Hutton’s next exam papers arrived on 4 January 1945. It’s not clear which paper this would have been, but he was destined to be unable to take it. The Russian forces were moving west and were just 20 kilometres from the camp in late January 1945, and food was becoming more and more scarce for the POWs and for the German people. His log states that they were all “feeling hungrier and hungrier” and that he was “feeling tired all the time” so noted that he would have to give up studying.
By 24 January 1945 Hutton had more or less given up on his exams, but on 25 January he was persuaded to give the exams a try — it would be a good dummy run, he thought. The exams were scheduled for Monday 29 to Wednesday 31 January 1945. However, on Sunday 28 January Hutton and the other POWs were told they were going on a “forced march”, so Hutton “chucked his books away and got weaving” in preparation for what was to come. He told of gathering up their few supplies onto a makeshift sleigh to drag with them as they walked.
The forced marches resulted in the deaths of many POWs, who were shot if they couldn’t continue walking. They were required to walk some 20–30 kilometres a day, sleeping wherever they could find some shelter — a haystack if they were lucky — for some 14 days, eventually arriving at Luckenwalde camp (Stalag IIIA) near Berlin.
Conditions in this camp were dire. The Allies flew over the camp daily on their way to bombing missions over nearby Berlin. The glow from the fires and the noise could be seen and heard from the camp. Food supplies had dwindled, and hunger was a constant complaint. Relief came when the Russians entered the camp on Sunday 22 April, bringing much needed food and a radio. The POWs were then free to leave the camp, but with sporadic fighting and general chaos outside the camp, Hutton waited for the Americans to arrive some weeks later.
Two years spent as a POW had taken its toll on his health, both mentally and physically. He’d lost a considerable amount of weight and was allocated extra food rations on his return. He suffered nightmares for many years. He went to live with friends in the Halifax/Bradford area of West Yorkshire in the UK and undertook various jobs, including selling soap from door to door for Reckitt and Colman and selling paint. He met Freda Cleasby in 1947, and they married three months later against her father’s wishes. He obtained work with Richard Johnson & Nephew Ltd in Manchester in the north of England, where Freda also worked, and later took a job with North Western Electricity Board in Stockport, Cheshire, in the UK. With her encouragement he resumed his accountancy studies.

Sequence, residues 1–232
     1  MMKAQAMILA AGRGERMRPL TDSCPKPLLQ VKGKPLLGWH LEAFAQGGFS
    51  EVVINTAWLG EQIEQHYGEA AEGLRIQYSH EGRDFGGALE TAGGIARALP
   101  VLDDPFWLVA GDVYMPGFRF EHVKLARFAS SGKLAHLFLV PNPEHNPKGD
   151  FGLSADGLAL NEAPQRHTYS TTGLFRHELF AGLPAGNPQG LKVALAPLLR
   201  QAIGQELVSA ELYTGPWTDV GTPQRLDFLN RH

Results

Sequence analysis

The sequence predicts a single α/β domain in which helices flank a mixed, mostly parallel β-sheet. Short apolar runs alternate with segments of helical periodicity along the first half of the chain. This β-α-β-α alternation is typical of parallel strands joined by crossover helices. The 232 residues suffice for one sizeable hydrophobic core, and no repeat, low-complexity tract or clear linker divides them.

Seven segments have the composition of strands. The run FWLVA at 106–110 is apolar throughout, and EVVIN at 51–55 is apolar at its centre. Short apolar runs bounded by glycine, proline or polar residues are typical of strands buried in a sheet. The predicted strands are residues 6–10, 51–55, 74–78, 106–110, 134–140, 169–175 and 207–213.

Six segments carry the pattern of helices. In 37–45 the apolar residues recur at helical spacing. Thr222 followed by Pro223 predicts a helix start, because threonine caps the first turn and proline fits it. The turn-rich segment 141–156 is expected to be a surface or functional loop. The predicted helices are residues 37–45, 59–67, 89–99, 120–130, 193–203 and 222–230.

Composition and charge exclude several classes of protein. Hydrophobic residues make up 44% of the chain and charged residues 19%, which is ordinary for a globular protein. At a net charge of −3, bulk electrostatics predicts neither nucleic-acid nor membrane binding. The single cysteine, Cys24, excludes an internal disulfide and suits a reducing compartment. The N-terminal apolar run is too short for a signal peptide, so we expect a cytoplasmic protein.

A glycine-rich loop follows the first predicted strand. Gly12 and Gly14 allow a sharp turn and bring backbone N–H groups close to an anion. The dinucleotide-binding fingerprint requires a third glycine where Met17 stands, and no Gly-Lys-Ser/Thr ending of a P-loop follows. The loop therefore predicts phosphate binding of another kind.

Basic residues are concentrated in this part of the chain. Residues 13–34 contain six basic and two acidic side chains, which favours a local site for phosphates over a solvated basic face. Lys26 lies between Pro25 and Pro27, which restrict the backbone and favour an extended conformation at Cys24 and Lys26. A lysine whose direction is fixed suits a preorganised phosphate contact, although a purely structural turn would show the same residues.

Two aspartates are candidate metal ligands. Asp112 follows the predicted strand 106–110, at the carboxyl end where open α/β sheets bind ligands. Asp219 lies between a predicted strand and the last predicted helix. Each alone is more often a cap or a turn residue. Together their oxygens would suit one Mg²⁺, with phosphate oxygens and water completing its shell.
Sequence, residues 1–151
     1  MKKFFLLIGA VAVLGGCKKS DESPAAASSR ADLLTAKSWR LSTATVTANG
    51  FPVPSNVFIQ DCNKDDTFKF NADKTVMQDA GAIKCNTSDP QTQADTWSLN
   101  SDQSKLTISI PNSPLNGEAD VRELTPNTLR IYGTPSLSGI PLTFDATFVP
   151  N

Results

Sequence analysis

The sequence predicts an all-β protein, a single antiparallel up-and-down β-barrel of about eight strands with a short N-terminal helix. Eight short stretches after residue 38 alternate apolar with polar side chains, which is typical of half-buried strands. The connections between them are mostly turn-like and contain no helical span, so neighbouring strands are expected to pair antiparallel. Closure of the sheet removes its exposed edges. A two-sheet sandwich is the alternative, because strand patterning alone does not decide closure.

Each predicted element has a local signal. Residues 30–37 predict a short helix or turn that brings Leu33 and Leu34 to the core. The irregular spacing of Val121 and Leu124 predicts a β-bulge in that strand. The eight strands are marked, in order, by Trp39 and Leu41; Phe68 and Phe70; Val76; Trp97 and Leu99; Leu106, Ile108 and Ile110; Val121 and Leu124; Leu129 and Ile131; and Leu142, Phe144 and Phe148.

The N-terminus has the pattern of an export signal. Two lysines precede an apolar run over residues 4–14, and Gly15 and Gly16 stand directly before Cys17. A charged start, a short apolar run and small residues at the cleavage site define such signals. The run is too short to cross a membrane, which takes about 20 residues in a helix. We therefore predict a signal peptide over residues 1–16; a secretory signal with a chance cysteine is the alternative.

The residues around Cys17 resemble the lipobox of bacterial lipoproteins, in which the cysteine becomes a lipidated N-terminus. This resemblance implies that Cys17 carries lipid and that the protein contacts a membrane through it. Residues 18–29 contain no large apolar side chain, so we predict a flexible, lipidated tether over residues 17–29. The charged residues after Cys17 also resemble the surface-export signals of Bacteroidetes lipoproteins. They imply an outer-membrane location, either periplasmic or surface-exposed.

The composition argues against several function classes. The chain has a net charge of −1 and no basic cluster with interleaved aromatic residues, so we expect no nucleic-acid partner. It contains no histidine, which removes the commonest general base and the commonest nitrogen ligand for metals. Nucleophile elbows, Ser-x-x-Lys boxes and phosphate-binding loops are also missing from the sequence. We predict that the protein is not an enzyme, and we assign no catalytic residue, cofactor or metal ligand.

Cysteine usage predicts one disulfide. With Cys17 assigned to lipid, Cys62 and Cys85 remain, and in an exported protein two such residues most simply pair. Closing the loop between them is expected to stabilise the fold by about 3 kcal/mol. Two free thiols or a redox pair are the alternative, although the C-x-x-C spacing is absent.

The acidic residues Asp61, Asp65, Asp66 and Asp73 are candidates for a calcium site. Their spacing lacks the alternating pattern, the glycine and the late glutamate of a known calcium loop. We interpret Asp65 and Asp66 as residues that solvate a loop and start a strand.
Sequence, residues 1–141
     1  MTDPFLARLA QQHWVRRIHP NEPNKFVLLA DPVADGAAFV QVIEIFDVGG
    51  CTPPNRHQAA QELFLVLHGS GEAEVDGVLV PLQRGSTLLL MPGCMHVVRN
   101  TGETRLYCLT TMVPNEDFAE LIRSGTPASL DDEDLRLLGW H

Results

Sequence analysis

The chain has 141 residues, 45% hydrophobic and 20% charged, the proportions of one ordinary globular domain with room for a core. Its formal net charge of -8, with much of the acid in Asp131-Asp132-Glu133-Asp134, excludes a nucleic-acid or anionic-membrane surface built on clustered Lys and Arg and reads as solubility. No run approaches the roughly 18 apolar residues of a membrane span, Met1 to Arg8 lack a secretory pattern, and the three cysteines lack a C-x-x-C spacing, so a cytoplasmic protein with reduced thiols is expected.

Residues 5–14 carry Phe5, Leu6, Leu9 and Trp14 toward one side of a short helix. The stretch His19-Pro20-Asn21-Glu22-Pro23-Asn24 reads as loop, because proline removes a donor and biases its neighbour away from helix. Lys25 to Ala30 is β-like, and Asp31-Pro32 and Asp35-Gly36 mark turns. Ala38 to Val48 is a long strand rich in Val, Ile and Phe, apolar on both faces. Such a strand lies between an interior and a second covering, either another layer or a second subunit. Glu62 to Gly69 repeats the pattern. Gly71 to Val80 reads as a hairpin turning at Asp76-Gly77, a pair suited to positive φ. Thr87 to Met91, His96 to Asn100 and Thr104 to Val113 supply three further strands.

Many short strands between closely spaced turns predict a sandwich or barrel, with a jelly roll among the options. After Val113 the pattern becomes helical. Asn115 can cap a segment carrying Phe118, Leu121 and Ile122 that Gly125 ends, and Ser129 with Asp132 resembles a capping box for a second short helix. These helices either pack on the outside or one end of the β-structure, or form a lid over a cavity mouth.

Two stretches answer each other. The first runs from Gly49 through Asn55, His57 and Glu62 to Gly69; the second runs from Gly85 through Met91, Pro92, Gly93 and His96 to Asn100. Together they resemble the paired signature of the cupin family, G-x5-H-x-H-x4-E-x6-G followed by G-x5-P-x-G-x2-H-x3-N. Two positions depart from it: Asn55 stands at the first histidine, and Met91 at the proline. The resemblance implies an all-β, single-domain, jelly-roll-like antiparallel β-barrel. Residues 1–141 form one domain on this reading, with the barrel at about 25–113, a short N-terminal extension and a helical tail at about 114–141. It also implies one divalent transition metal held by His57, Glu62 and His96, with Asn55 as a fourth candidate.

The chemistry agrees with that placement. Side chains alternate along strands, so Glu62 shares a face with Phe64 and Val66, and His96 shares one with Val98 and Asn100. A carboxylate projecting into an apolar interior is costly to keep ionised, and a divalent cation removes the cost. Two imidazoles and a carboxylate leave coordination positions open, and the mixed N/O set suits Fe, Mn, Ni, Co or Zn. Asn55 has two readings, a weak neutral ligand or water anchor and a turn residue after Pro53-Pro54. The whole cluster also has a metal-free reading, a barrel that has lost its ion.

Once married, with a family on the way and a mortgage to pay, Hutton had to study in the evenings after work, sitting at the kitchen table — he would fall asleep if left in peace in the front room with a fire. He passed the Intermediate exam in June 1950 and the Final exam in June 1954, becoming an associate member of the ICWA on 23 November 1954.
The family moved to Nottinghamshire in the UK’s East Midlands in 1955, and Hutton joined the National Coal Board (NCB) as an accountant with responsibility for a group of mines. By the early 1960s coal mining was declining in the Nottinghamshire/Derbyshire coalfield, and the NCB was providing computer services for local businesses. This was mainly a payroll service prior to computers becoming the desktop machines or mobile devices we know today. Hutton became the senior accountant at NCB computer centres in Staffordshire in the West Midlands and Nottinghamshire. Then in 1971 he returned to the North Western Electricity Board as senior accountant at its HQ in Blackburn, Lancashire, where he remained until retiring to Surrey in 1979.
Hutton was born to Fred and Florrie Hutton in Bolton, Lancashire, in May 1917, obtained a scholarship to Bradford Grammar School, and before the war worked in the offices of John Foster and Sons Ltd, manufacturers of quality worsted and mohair cloth at the Black Dyke Mills, Halifax, in West Yorkshire, now home to the world-famous Black Dyke Band.
After surviving the war, becoming a qualified management accountant, and having a successful career, he enjoyed a satisfying retirement — including attending a London memorial service for the 50 airmen from Stalag Luft lll killed during “Escape 200” and a celebration of the Battle of Britain at Westminster Abbey on 17 September 1995 with his two daughters and son. Hutton passed away peacefully on 28 November 1995.
Photos courtesy of the Hutton family
— Gillian Huddlestone is the daughter of Robert Hutton and a friend of former CIMA President Glynn Lowth, who knew Hutton well. To comment on this article or to suggest an idea for another article, contact Oliver Rowe, an FM magazine senior editor, at Oliver.Rowe@aicpa-cima.com.